But I love to share about all the joys that I see in my everyday life, whether it’s music, my wife, my cats, the friendships I’m lucky enough to have, and the fact that I’m a Star Wars nerd — but I haven’t wanted to share much about the aftermath of some of the most impactful aspects of my life.

I lost my job. I have a hard time swallowing sometimes due to scarring in my throat. Most of what I eat is tasteless — except the sweet stuff. I’m grateful for the sweet stuff.

“I don’t know about other cancer survivors out there, but sometimes it feels like cancer took so much away from us that it’s hard to continue living through it. But people who don’t know what cancer is like don’t want to hear that, so we mostly keep those types of thoughts to ourselves.” —Christian Kidd

MH: What role does music play in relieving some of your anxieties?

CK: Music has always been very cathartic for me. Sometimes life’s daily pressures build up, but, after band practice on Thursdays, I’m back to my regular self again. I play my piano and guitar daily, and I even play a little harmonica. My weekly piano lesson is something I don’t want to miss — it’s intellectually stimulating, and I adore my piano teacher.

Of course, the very best is when I get to play a show in front of an audience. There’s nothing that erases stress like the energy I get from playing live music.

MH: How do you manage your own wellness and mental health?

CK: I have been minimally health-conscious for most of my life, but I never really drank alcohol or smoked. I have arthritis in both of my knees, which has taken a toll on the walking that my sweetheart and I used to love doing together, but we are figuring that out.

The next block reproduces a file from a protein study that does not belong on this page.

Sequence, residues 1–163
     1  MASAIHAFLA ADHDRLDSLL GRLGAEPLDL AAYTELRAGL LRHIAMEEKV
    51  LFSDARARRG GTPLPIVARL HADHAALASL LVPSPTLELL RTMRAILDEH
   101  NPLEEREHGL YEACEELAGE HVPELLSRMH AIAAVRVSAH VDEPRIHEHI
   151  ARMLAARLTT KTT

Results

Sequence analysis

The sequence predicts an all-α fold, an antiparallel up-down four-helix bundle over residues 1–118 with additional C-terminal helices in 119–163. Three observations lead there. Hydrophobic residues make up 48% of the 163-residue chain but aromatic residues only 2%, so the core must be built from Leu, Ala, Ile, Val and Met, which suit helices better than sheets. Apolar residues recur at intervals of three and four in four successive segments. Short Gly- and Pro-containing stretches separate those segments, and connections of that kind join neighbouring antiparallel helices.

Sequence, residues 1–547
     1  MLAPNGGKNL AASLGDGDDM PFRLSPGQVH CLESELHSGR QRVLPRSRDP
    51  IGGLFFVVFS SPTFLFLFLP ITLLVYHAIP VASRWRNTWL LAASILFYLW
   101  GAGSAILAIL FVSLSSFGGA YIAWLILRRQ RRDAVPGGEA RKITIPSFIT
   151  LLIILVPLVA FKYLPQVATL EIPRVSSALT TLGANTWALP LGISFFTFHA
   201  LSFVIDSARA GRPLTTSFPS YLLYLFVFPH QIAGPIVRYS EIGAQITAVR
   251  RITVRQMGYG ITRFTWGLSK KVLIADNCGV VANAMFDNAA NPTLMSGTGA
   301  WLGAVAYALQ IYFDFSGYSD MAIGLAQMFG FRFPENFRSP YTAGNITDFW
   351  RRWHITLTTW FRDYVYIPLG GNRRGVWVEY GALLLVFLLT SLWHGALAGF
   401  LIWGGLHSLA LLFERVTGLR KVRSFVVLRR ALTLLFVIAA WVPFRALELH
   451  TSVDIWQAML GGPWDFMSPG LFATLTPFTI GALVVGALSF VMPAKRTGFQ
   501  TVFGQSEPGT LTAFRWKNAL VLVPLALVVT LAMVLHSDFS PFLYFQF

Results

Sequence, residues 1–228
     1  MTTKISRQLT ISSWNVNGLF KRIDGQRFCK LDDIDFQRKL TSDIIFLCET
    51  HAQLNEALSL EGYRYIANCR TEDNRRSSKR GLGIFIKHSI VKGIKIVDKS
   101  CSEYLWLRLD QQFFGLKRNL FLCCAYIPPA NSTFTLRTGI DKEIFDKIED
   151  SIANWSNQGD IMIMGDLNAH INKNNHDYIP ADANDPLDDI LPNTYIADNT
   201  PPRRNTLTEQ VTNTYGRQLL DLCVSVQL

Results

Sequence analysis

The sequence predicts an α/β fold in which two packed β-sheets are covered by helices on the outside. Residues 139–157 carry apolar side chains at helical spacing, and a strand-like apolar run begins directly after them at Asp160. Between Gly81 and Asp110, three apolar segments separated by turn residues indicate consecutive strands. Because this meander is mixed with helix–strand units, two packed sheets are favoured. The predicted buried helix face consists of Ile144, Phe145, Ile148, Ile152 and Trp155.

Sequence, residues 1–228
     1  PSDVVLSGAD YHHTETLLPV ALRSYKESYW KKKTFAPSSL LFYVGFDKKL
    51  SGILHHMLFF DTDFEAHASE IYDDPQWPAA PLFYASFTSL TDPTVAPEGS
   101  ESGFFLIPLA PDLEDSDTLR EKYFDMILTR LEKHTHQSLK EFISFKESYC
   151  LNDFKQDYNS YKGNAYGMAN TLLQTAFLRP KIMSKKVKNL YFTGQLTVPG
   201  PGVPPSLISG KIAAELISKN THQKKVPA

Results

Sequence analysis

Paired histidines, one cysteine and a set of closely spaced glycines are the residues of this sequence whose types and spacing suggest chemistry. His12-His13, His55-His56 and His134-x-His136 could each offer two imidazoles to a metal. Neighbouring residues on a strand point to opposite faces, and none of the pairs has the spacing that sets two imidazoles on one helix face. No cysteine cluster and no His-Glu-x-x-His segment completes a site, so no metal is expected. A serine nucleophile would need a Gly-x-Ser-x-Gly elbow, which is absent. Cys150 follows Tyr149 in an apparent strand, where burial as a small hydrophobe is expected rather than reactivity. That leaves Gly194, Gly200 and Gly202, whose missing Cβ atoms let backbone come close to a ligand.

My oncologist is still very invested in my overall health, especially since we discovered I have inherited the BRCA (BReast CAncer) gene mutation and could be at higher risk for other cancers. He always reminds me to keep working on my music because my mental health is just as important as my physical health. It’s one of the things I appreciate most about him.

Since the onset of the COVID-19 pandemic, our social lives have been curbed, but I have always mostly been a homebody anyway. I love hanging out with Alexis, whether we are watching our favorite shows, reading, or she is working on a project while I’m playing guitar. And even though we don’t go out as much as we used to, it makes the times we do go see a show or an art exhibit more fulfilling.

MH: What has been the most eye-opening part of these experiences?

CK: Cancer has been very intrusive in our world. It took everything — our jobs and our lives as we knew them — and turned everything inside out and upside down. It’s changed almost everything forever. Even our dog passed away from cancer.

But we learned that there is more love and compassion out there than we had ever imagined. We literally survived on the kindness of friends, fans, and even complete strangers.

“We will always remember our community’s displays of compassion, and hope to pay it forward as we go along.”
—Christian Kidd

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Sara Bunch, Senior Editor, News & MediaWritten by:

Senior Editor, News & Media

Sara Bunch is a writer with a background in academic, entertainment, ethnic, and faith-based news media. She is a double alumna of California State University, Northridge, where she earned a B.A. degree in English and an M.A. degree in Mass Communication, with an emphasis in Journalism. Her master’s thesis focused on the coverage of ethnic and religious minorities in international news outlets.